Vaginal Infection

Updated 18 May 2015

Vaginismus

Vaginismus is an involuntary contraction of the muscles surrounding the vaginal opening.

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Summary

  • Vaginismus describes an involuntary spasm or contraction of the muscles surrounding the vaginal opening.
  • It is related to excessive tension related to the expectation of penetration.
  • A thorough pelvic examination by a doctor should be done to rule out any other possible physical causes of the vaginismus.
  • Psychological treatment, couples therapy and gradual introduction of lubricated vaginal dilators are used to treat this condition.

Definition

Vaginismus is an involuntary spasm or contraction of the muscles surrounding the vaginal opening, making penetration of the penis into the vagina very painful or even impossible.

It may be called primary vaginismus where a woman has never been able to have sexual intercourse, and secondary vaginismus where she was able at one time to have sexual intercourse, but where this is currently prevented by the vaginismus.

Causes

In olden days, psychoanalysts thought the condition arose from a woman’s unconscious wish to prevent penetration. It does seem to be related to a degree of fear of penetration and anxiety associated with an expectation of pain or other unwelcome consequences.

Women who suffer from vaginismus do become sexually aroused, however, and can often achieve orgasm through alternative stimulation.

Sexual problems in the past, such as painful penetration, or fear of becoming pregnant, or being hurt could all be underlying reasons for this condition.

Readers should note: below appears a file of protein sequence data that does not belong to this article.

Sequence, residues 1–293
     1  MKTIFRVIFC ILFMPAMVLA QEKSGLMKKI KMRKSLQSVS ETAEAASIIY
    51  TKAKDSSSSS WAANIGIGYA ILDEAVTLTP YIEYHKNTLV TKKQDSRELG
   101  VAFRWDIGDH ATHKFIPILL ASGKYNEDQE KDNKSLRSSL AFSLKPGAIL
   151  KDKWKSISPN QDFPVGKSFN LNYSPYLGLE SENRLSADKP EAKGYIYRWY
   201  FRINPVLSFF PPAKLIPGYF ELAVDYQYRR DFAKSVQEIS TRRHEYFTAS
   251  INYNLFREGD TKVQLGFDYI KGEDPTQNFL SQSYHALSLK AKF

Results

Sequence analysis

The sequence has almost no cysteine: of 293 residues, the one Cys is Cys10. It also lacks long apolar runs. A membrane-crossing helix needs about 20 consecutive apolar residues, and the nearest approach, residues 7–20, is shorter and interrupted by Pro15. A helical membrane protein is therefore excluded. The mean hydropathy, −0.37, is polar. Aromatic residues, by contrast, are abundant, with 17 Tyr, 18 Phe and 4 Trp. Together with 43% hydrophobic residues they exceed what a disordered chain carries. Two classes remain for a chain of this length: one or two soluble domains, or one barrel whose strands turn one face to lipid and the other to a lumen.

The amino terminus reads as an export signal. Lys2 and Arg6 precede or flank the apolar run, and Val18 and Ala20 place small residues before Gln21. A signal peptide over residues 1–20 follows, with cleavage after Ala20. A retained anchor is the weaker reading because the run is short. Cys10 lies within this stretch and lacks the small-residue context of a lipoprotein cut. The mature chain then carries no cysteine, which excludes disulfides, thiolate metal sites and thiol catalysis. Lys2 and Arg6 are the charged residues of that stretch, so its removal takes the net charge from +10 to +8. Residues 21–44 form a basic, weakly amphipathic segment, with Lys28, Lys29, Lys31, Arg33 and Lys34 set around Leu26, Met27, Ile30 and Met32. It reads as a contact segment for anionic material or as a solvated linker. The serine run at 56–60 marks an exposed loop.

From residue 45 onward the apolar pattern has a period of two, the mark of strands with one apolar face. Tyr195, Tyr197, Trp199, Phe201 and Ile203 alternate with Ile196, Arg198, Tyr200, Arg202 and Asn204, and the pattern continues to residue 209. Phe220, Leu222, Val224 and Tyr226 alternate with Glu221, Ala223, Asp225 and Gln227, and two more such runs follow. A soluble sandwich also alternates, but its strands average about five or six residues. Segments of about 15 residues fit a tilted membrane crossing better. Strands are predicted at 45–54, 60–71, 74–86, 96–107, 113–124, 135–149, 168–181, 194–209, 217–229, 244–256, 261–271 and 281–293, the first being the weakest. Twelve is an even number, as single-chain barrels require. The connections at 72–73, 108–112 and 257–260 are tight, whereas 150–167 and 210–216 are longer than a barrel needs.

Signs and symptoms

Involuntary contractions of the muscles surrounding the vaginal opening and/or pain experienced when intercourse is attempted.

Treatment

Once a thorough pelvic examination by a doctor has ruled out all possible physical causes, it is more useful to focus on psychological factors which often include past sexual trauma, fear of pain associated with vaginal penetration and control issues within the existing relationship.

Treatment usually includes couples therapy, exercises to strengthen the pelvic muscles and the gradual introduction of lubricated dilators, which are increased in size gradually over time, as this becomes increasingly comfortable, and as the woman’s self confidence and expectation of success, increases. After a period of time, when a woman is able to comfortably insert reasonably large dilators, sexual intercourse may be attempted again.

When to see a doctor

This is not a life-threatening condition, but can seriously hamper a couples' sex life. It is a good idea to seek treatment from professionals, as this condition could reflect serious underlying trauma or unresolved psychological issues, and like so many psychologically based conditions, it is easier to treat early, before associated problems become more deeply engrained.

Reviewed by Prof M. Simpson, MB., BS. (London ); MRCS, LRCP; MRCPsych, DPM.

 

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